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Crop Science Abstract -

Effects of Plant Smoothness on Agronomic Traits of Upland Cotton—Lint Percentage1


This article in CS

  1. Vol. 24 No. 3, p. 583-587
    Received: June 27, 1983

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  1. Joshua A. Lee2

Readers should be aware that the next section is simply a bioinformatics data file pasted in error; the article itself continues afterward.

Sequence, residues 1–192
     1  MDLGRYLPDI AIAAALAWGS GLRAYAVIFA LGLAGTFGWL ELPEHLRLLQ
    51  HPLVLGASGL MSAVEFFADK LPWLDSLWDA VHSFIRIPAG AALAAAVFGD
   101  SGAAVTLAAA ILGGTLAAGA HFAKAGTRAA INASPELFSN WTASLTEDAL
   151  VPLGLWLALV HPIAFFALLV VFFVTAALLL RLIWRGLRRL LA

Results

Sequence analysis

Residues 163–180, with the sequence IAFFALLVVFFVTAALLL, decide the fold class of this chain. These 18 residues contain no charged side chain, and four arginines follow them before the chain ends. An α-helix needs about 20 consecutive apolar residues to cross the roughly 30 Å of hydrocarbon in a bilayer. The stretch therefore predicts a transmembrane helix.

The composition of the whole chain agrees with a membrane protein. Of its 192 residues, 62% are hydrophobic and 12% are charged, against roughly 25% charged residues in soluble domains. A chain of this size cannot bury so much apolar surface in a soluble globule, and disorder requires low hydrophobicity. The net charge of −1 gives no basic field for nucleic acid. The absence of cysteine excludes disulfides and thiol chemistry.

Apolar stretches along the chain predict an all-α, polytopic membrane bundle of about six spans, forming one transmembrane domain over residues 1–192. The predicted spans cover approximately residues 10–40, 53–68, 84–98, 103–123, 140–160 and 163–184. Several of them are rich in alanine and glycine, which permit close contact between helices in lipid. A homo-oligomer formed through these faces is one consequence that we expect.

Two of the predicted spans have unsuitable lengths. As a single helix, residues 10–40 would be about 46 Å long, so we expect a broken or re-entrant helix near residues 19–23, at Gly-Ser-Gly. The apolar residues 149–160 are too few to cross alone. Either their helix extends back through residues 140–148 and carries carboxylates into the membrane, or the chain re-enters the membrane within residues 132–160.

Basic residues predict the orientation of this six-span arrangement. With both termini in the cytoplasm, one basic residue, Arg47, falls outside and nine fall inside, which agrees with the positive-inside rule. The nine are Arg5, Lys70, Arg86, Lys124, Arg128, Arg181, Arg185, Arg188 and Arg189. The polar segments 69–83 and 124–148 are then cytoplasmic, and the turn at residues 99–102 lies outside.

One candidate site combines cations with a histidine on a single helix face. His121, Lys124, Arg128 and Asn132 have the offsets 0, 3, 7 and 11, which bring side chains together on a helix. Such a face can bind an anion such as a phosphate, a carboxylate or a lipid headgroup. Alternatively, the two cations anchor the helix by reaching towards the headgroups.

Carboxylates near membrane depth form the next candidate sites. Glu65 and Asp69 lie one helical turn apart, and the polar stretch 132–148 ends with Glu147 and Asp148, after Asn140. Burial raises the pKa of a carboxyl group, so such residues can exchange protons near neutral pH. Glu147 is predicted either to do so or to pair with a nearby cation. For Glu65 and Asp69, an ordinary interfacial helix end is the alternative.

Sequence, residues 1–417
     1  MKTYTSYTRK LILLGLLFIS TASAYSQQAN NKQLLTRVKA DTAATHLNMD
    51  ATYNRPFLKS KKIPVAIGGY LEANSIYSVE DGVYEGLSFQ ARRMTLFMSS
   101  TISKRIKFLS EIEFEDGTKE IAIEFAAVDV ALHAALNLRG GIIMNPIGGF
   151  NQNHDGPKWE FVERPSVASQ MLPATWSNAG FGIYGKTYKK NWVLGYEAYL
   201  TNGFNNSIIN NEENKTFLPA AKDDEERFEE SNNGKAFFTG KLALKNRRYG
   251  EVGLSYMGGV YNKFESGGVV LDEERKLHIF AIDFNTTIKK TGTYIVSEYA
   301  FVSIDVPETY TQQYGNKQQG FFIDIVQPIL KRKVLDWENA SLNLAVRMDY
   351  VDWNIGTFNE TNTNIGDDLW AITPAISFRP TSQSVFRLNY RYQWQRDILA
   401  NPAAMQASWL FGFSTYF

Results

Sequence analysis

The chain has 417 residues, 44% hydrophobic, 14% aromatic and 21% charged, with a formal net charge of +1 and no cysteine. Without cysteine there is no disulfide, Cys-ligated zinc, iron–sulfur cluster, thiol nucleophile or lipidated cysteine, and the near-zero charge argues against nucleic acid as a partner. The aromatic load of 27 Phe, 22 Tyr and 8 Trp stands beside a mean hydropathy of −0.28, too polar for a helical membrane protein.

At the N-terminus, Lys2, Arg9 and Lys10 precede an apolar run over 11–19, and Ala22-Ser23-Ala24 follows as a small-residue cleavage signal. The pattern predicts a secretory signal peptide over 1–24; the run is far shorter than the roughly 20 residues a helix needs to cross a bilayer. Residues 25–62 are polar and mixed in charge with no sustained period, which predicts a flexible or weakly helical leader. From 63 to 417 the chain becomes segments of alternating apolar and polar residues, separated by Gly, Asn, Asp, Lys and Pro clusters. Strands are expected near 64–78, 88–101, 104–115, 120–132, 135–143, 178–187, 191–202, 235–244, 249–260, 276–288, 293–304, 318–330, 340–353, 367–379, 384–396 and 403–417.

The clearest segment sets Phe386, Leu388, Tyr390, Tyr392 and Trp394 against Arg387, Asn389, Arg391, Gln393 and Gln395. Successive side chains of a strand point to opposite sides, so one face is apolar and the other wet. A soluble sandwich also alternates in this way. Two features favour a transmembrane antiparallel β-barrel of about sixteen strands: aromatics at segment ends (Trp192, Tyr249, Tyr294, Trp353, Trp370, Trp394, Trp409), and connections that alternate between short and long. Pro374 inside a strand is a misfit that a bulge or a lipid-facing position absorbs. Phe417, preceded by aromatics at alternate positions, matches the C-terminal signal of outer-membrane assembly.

In attempts to document agronomic deficits associated with plant smoothness in cotton (Gossypium hirsutum L.), two complete diallel sets involving various combinations of smoothness and pilosity alleles were grown in randomized, complete blocks at two locations in North Carolina in 1982. There were four replications per location. The first diallel was generated by intercrossing stocks homozygous for the allelic pairs Sms11 and sml, and Sm2 and sm2, and the second from intercrossing Sm2 and sm2, and Sm, and smh3. Increasing the number of Sm alleles increases plant smoothness, whereas the completely recessive genotype (all sm alleles) determines normally pubescent, the phenotype of ‘Coker 310’, the cultivar used as background. Within the two diallels, lint percentage varied from 38.1 to 43.3 with the lowest values associated with the Sm2 allele, and the highest involving a hybrid of Sms11 and sm1. Although the Sms11 allele was associated with a small deficit in lint percentage when homozygous, only the Sm2 allele was accompanied by significant deficits, and that related to relatively low lint index. Number of seeds per boll, seed index (weight of 100 seeds, g), lint index (lint per 100 seeds, g), and grams of seed cotton per boll varied significantly among some entries. There was no evidence that values for any of these traits tracked degree of plant smoothness. Mostly additive effects were associated with significant contrasts for most of the traits, although there were some significant interaction effects, particularly with the Sm2 and sm2 pairs of alleles. There was no evidence that increasing plant smoothness to the point of eliminating trichomes reduced lint percentage any lower than that associated with the Sm2 monomeric genotype.

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